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Do Fiscal Restraints Harm Test Scores? Evidence from Italy

Caterina Pavese () and Enrico Rubolino ()
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Caterina Pavese: Department of Economics, University Of Venice CÃ Foscari

No 2021:02, Working Papers from Department of Economics, University of Venice "Ca' Foscari"

Abstract: Most countries discipline their public budget through a set of fiscal rules aiming at limiting public debt accumulation. Yet, apart from the direct effect on public finance outcomes, there is limited evidence on whether these policies affect broader socio-economic outcomes. This paper provides regression discontinuity estimates of fiscal rules-induced school spending drops on test scores of Italian students. We show that school spending per-pupil is around 102 euros lower in municipalities subject to fiscal restraints. Using longitudinal data on pupils' attainment in national test at the beginning and the end of primary school, we find that spending differences lead to a gap in standardized test score gains of nearly 12 percent of a standard deviation. The impact is particularly strong for lower socio-economic groups. We find that both the lack of several basic instructional tools and limited investments in school facilities explain most of the observed achievement gap. Our results reveal how fiscal restraints can create "unintended" consequences for younger generations and exacerbate cross-generation inequalities when governments need to reduce public spending.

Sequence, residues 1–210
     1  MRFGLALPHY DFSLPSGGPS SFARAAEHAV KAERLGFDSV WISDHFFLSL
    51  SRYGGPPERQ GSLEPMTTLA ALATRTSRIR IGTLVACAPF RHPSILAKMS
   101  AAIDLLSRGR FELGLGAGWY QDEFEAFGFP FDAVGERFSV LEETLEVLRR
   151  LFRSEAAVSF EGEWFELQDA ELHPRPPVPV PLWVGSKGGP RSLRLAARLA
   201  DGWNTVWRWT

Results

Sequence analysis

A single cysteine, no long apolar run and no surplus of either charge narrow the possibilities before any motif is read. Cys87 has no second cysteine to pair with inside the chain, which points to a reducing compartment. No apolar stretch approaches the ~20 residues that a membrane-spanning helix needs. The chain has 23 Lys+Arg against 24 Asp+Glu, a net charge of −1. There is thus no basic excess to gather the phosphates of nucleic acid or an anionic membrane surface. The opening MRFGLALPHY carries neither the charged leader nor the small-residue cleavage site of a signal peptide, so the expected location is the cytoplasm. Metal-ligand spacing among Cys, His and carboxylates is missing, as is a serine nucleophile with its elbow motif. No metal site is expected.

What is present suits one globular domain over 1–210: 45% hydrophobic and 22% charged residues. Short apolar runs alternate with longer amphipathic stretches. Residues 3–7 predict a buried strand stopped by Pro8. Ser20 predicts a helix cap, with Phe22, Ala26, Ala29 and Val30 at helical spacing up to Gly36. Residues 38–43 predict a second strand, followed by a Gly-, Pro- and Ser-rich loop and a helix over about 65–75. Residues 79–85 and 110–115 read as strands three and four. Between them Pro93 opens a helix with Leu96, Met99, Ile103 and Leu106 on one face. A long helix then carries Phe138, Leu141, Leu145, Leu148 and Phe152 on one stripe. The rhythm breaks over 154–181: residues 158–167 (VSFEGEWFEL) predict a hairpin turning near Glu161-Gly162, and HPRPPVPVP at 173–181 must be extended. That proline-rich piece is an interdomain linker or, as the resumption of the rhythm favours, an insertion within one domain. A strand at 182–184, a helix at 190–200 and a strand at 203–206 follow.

Keywords: School spending; test scores; fiscal rules; regression discontinuity design (search for similar items in EconPapers)
JEL-codes: H52 H75 I22 I24 (search for similar items in EconPapers)
Pages: 54 pages
Date: 2021
New Economics Papers: this item is included in nep-edu, nep-eur and nep-ure
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